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Facts about tuatara

Tuatara, male emerging from under log, Poor Knights Islands. Photo: Rod Morris.
Tuatara, male emerging from under log,
Poor Knights Islands

Tuatara once lived throughout the mainland of New Zealand but have survived in the wild only on 32 offshore islands.

These islands are characteristically free of rodents and other introduced mammalian predators which are known to prey on eggs and young as well as compete for invertebrate food. The islands are usually occupied by colonies of breeding seabirds that contribute to the fertility and hence the richness of invertebrate and lizard fauna needed by tuatara.

Recent advances in both the ability to eradicate rodents from islands and the captive incubation and raising of tuatara have allowed the species to be translocated to a further four islands they presumably inhabited in the past.

Until quite recently two species of tuatara were recognised and one of these was considered to comprise two subspecies.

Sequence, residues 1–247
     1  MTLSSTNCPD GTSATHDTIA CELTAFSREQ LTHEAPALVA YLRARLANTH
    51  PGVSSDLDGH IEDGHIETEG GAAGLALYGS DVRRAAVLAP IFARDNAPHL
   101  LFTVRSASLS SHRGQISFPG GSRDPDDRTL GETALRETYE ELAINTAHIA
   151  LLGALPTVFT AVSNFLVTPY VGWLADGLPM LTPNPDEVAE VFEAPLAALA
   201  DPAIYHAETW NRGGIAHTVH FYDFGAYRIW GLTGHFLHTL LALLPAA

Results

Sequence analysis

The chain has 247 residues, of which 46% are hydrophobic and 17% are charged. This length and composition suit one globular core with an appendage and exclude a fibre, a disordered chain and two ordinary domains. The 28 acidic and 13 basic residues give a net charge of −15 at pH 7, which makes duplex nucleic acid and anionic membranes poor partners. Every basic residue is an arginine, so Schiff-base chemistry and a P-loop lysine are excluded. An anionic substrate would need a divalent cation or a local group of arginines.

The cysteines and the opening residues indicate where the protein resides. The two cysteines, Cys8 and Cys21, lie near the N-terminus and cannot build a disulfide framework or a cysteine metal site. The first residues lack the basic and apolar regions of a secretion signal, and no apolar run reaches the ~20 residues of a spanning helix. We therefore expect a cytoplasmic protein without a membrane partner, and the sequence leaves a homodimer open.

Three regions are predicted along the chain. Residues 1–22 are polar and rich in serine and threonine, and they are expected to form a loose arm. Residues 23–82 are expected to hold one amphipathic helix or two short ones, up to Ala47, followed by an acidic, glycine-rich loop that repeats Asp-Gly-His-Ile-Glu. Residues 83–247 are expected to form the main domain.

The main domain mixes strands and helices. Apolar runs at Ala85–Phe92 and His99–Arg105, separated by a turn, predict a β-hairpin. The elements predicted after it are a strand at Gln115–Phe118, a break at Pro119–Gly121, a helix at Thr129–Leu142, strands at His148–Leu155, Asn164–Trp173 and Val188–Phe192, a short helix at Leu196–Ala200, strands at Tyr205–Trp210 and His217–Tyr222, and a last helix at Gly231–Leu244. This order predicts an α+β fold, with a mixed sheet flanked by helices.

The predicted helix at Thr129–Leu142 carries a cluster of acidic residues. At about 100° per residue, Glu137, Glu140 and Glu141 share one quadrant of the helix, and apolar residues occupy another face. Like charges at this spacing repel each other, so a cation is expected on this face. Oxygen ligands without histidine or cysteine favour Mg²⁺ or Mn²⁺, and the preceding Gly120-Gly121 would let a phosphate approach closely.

The northern tuatara (Sphenodon punctatus punctatus) present on islands from the Bay of Plenty north, and the Cook Strait tuatara (S. punctatus) an unnamed subspecies present on Takapourewa (Stephens Island) and the Trio Islands in Marlborough Sounds.

The other species was the Brothers Island tuatara (S. guntheri) known naturally from one small island in Marlborough Sounds. In 2009 research examined DNA and allozyme data for all populations and concluded that tuatara is best described as a single species that contains distinctive and important geographic variants.

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